Wilton trained under Laurent Delvaux in Nivelles, and in 1744 moved to Paris to study at the Académie with Pigalle. From 1747 he spent seven years in Italy, the last four in Florence. In 1755 he returned to England, and soon established a considerable reputation. He was appointed 'Sculptor to His Majesty' in 1764.
He was the most important of the three sculptors who became Foundation members of the Royal Academy in 1768, and exhibited there from 1769 to 1783. In 1790 he was appointed Keeper of the Royal Academy, and held the post until his death.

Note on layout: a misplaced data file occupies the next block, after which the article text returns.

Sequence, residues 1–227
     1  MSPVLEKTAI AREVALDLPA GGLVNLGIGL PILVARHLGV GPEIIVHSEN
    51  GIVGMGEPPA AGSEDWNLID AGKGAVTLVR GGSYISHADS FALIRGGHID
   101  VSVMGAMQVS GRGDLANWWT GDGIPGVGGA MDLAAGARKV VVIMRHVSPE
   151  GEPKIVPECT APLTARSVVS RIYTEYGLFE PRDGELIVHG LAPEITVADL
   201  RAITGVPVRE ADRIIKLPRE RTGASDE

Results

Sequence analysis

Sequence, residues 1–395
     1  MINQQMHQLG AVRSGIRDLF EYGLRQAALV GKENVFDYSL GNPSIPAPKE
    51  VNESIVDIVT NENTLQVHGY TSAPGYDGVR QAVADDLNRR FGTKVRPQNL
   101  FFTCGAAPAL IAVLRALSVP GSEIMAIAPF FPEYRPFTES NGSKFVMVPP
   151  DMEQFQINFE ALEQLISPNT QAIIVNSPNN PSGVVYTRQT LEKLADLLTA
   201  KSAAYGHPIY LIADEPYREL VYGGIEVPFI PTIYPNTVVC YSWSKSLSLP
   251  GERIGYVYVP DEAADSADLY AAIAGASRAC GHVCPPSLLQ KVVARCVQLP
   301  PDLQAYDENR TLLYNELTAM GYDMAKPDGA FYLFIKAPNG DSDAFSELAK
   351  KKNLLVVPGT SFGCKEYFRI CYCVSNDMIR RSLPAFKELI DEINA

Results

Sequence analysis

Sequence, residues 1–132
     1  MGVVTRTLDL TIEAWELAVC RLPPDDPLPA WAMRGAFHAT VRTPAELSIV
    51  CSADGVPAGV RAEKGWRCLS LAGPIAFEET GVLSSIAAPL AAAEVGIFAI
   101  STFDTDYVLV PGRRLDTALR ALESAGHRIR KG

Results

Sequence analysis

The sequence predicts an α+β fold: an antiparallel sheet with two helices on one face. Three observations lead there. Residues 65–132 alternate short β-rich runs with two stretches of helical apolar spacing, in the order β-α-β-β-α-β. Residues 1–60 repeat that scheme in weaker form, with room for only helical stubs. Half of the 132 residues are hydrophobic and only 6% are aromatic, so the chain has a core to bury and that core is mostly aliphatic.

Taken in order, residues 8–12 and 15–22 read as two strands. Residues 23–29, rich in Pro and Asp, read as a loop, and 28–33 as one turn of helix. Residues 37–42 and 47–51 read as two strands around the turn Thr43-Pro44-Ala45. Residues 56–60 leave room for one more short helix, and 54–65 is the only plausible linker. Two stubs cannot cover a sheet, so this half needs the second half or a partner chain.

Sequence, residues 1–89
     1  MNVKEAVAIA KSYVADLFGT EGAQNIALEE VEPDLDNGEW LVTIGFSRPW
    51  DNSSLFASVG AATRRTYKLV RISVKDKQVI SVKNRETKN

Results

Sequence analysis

Wilton's most grandiose public statement was the Monument to General Wolfe in Westminster Abbey, which was erected 1772 (Whinney, op. cit., p. 265, fig. 193). Although perhaps best known as a designer of church monuments and as a portraitist, Wilton also produced classical statuary, including a Venus de' Medici for Lord Charlemont, Venus and Apollo for the Earl of Pembroke, and Flora and Bacchus for Lord Tilney (Gunnis,op.cit., p. 436). The present bust, after the Venus de' Medici (Haskell and Penny, loc. cit.), shows Wilton at his best. It emphasises that his gifts as a carver of marble were not diminished as a result of the fortune he inherited from his father, after which he lived opulently, with a house in town, another in the country, and 'a family coach, a phaeton, and numerous saddle-horses for himself and his sons, to whom he gave a University education' (Smith, loc. cit.).